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Social media may be great for announcing new products and fielding customer complaints, but research from YouGov found that setting out a stall on social networks may also have a downside, at least for retailers. In December 2013 polling, many UK internet shoppers had a negative opinion of a store with a social presence. A significant majority (55%) of respondents trusted a retailer less if it was active on social media. Less than half that proportion (27%) said a social presence led them to trust a merchant more.
Facebook and Twitter users were more favorably inclined to retailers on social sites—but not by much. Around one-third (33%) of Facebookers trusted a retailer more if it had a social network presence, yet 55% said it made them trust a retailer less. Among Twitter users, 52% said social activity diminished their trust in a merchant, while 37% said it raised it.
One reason for these views is that many UK web users don’t see much purpose in combining their social activity with shopping or buying. Only 10% of respondents consulted social networks when researching potential purchases, compared with 60% who looked at customer reviews on a retailer’s website and 48% who visited comparison sites. Overall, 42% of respondents said that the point of social networks was to keep up with friends and family, not to shop.
Yet the tendency to distrust stores for their social media activity may also be founded, at least in part, on privacy worries.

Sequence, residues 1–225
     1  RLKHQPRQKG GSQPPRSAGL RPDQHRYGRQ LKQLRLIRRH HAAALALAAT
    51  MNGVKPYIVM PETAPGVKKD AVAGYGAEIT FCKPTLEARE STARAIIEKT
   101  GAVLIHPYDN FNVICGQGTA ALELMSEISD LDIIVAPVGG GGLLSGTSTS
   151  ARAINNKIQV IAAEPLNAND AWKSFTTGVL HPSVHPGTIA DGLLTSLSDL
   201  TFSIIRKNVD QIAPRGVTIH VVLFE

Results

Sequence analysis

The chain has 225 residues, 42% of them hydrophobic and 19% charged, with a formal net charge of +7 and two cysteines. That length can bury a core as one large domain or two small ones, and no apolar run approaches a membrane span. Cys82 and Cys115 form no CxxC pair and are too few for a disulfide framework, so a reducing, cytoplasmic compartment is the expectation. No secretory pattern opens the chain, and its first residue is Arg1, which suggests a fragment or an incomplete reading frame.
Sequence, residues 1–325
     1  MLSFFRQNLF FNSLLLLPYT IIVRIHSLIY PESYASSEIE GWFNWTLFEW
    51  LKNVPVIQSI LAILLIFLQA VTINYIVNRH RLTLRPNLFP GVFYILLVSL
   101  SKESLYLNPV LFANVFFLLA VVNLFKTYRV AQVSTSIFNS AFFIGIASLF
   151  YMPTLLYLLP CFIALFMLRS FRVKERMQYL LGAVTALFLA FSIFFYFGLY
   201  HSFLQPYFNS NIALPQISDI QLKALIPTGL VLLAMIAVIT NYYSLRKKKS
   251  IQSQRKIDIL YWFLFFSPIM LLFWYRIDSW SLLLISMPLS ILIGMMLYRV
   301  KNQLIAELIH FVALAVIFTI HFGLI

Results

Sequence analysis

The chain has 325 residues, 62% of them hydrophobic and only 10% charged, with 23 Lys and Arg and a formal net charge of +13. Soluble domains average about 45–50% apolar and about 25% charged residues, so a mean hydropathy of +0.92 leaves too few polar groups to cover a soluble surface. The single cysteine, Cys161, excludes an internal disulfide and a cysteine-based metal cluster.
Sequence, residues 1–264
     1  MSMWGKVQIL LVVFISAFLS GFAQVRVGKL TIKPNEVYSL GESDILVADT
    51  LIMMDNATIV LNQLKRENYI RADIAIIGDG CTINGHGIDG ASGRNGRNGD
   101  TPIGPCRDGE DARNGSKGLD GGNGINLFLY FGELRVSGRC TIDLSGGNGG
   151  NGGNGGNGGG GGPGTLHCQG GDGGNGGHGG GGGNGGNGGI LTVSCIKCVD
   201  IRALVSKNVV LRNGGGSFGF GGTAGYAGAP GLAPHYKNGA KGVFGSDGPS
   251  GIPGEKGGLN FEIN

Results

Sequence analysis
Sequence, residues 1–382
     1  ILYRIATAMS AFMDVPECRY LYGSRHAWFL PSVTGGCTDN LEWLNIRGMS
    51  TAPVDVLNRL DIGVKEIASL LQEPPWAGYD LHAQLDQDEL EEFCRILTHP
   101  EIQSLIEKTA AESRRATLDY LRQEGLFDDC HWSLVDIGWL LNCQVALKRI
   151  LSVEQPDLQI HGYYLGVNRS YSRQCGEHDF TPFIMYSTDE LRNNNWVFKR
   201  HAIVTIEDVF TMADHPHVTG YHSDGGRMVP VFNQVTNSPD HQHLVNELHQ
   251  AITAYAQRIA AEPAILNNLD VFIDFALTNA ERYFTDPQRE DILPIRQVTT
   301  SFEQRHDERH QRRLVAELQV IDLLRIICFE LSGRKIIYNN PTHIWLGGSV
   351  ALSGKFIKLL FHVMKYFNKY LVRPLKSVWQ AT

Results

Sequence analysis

Younger online shoppers were most concerned about keeping their online socializing separate from their shopping—perhaps because they were more likely than some older cohorts to be highly active on social networks themselves. According to YouGov, 61% of those ages 16 to 24 preferred not to overlap their social networking and online shopping, and 57% didn’t want sites such as Twitter and Facebook to have any access to or connection with their online purchase history.
These results may make unwelcome reading for retailers looking to social networks as a promising sales channel. At the same time, stores that focus on social sites to provide news and customer service may actually benefit, if that strategy is clear to shoppers.
Either way, there’s little chance that UK shoppers’ apparent mistrust of stores on social sites will have any real effect on their willingness to buy online. eMarketer estimates that nearly 73% of the UK population ages 14 and older will make a digital purchase this year—a proportion higher than anywhere else in Western Europe and roughly 20 percentage points above the regional average.
We expect UK retail ecommerce sales of £52.21 billion (nearly $81.58 billion) in 2014, an annual gain of 15.0%.
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